Before the Triumph of the Church, when Emperor Constantine decriminalized Catholicism and became a great patron of the Church, being faithful to the Lord in the Roman Empire was a high crime, often punished by death. Religious persecution ran rampant under Emperor Decius, who issued an edict compelling all citizens in the Roman Empire to perform a sacrifice to Roman pagan gods under the witness of a magistrate. This was the first time in the history of the persecution of Christians they faced legislation that forced them to choose between their Faith and death.
Around the year 250 AD, seven young men during the persecution of Emperor Decius were accused of being followers of the Church. They were offered a period of time to renounce their Faith by the Emperor. They chose instead to give all their worldly possessions to the poor and retreated to a mountain cave to pray in hiding. Once inside the cave, they fell into a deep sleep. After Decius saw they had not recanted their Faith and didn’t turn towards Paganism, he had the mouth of the cave sealed rather than execute them outright.
Many years passed, and the cave and the men sealed inside were forgotten. As time passed, Catholicism became tolerated in the Roman Empire. Around the reign of Emperor Theodosius II from year 408 to 450, the landowner at the time decided to open the cave, intending to use it as a cattle pen. Upon opening the cave, he found the Seven Sleepers still inside, and miraculously alive.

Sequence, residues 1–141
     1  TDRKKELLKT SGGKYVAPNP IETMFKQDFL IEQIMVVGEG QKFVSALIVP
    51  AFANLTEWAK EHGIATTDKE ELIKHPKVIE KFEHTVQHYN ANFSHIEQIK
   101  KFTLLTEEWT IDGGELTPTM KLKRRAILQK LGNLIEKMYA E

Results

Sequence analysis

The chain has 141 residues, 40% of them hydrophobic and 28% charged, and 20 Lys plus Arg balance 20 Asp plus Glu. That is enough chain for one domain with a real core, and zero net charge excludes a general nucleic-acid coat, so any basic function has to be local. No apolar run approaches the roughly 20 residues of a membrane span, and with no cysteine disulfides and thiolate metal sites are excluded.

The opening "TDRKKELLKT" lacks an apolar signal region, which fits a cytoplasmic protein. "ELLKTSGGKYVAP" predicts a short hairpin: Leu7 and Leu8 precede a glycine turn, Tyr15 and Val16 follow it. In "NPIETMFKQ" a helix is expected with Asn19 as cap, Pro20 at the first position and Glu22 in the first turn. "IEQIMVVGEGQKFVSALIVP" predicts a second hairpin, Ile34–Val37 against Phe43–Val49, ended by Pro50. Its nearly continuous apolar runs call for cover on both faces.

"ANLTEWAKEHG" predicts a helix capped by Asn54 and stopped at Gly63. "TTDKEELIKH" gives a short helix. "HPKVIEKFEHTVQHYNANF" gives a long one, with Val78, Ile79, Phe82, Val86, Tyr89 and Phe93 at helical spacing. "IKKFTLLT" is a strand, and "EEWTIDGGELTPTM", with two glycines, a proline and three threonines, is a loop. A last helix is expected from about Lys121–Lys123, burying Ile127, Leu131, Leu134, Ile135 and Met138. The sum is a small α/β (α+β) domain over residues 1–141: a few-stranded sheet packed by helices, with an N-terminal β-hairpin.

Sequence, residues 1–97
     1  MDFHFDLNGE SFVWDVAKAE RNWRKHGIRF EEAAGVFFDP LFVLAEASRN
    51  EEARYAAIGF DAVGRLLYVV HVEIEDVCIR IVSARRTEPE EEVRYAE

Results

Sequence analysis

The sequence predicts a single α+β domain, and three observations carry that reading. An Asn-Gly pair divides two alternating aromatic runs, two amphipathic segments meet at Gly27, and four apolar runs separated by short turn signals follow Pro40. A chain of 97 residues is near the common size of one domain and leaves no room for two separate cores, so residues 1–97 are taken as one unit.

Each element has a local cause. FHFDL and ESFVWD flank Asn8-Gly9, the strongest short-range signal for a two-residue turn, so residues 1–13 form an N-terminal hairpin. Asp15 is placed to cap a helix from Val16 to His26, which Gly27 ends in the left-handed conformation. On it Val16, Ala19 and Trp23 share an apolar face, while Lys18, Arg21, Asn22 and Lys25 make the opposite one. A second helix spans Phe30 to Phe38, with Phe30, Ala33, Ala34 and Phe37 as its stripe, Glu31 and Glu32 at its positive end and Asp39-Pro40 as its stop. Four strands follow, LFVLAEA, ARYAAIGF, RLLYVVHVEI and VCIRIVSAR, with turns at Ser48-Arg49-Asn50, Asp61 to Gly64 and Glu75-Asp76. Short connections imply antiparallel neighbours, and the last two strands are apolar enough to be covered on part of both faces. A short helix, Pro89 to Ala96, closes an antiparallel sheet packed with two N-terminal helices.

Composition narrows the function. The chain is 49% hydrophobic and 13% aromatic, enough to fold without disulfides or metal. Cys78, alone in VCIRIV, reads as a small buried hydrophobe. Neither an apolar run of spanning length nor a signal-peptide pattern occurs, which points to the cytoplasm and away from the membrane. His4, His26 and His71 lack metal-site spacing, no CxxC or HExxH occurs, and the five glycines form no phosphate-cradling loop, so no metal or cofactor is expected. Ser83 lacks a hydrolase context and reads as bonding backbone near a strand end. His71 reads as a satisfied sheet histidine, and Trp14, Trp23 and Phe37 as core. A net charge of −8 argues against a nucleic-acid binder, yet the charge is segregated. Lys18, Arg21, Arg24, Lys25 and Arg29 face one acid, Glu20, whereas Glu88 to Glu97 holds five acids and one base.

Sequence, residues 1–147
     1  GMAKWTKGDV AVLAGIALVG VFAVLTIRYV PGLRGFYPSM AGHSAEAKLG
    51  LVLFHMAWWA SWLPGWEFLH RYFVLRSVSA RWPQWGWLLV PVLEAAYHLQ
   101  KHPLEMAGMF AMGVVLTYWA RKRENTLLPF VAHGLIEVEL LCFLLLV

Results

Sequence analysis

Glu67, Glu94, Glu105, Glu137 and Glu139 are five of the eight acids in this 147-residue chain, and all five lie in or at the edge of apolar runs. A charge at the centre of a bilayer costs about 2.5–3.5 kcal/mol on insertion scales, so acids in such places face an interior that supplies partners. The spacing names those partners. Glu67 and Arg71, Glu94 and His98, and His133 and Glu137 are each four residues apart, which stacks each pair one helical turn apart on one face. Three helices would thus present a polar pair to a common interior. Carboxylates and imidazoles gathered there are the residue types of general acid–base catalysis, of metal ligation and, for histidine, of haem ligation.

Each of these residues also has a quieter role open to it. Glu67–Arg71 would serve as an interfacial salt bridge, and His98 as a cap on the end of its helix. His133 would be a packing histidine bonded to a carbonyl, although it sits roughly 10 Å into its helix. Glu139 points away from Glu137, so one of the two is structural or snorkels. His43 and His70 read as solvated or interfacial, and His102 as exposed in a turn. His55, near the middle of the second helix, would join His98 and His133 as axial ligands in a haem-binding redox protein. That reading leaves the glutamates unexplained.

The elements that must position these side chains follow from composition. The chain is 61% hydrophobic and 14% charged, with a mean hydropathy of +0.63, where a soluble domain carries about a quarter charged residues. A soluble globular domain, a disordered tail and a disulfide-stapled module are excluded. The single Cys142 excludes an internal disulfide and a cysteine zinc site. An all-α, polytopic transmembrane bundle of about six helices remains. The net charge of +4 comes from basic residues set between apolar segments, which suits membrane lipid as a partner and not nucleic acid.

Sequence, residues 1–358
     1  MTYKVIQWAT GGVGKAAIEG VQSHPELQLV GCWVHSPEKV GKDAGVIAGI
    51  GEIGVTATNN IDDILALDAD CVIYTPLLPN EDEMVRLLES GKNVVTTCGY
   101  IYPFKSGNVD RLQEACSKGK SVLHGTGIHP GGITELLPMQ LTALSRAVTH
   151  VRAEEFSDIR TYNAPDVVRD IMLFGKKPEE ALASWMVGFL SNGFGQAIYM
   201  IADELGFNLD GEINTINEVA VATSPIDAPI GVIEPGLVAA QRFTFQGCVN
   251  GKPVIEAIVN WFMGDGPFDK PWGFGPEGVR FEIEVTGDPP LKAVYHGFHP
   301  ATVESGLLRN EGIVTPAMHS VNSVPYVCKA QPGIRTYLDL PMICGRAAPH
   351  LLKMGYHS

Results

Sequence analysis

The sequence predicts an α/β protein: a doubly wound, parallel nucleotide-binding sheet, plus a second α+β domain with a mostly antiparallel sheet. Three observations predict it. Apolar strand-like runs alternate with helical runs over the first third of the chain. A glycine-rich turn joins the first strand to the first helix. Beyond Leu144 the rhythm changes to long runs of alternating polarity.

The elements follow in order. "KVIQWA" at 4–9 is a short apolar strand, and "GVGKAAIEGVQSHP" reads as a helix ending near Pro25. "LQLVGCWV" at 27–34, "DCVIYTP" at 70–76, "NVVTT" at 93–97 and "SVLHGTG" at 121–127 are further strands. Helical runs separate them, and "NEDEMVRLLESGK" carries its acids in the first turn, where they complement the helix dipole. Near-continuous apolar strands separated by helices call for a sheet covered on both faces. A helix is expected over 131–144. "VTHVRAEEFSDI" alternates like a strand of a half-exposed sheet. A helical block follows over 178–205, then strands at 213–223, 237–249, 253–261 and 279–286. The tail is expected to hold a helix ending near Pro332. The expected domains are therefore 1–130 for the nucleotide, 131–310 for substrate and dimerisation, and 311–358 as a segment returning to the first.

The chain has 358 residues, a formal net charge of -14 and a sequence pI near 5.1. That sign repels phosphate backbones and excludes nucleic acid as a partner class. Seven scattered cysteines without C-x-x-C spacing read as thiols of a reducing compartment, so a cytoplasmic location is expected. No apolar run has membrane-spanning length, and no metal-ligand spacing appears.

When they awoke, they thought they had only slept for the night. The group sent one of the sleepers to Ephesus to purchase supplies and warned him to be careful lest the pagans take him prisoner. When he arrived, he was astounded to find the city adorned with Crosses. Upon arriving in the city, this person was astounded to find buildings with crosses attached; the townspeople for their part were astounded to find a man trying to spend old coins from the reign of Decius. The Bishop of Ephesus interviewed the sleepers who told him their miraculous story, and they later died, praising God.
The earliest version of this story comes from the Syrian bishop Jacob of Sarug (c. 450–521), which is itself derived from an earlier Greek source, now lost. The best-known Western version of the story appears in Jacobus de Voragine’s Golden Legend.
On the slopes of Mount Pion (Mount Coelian) near Ephesus (near modern Selçuk in Turkey), the grotto of the Seven Sleepers, with ruins of the church built over it, was excavated in 1927–28. Inscriptions dedicated to the Seven Sleepers were found on the walls of the church and in the graves. This grotto is still shown to tourists.
The Roman Martyrology mentions the Seven Sleepers of Ephesus under the date of 27 July (June according to Vatican II calendar). The Byzantine Calendar commemorates them with feasts on 4 August and 22 October.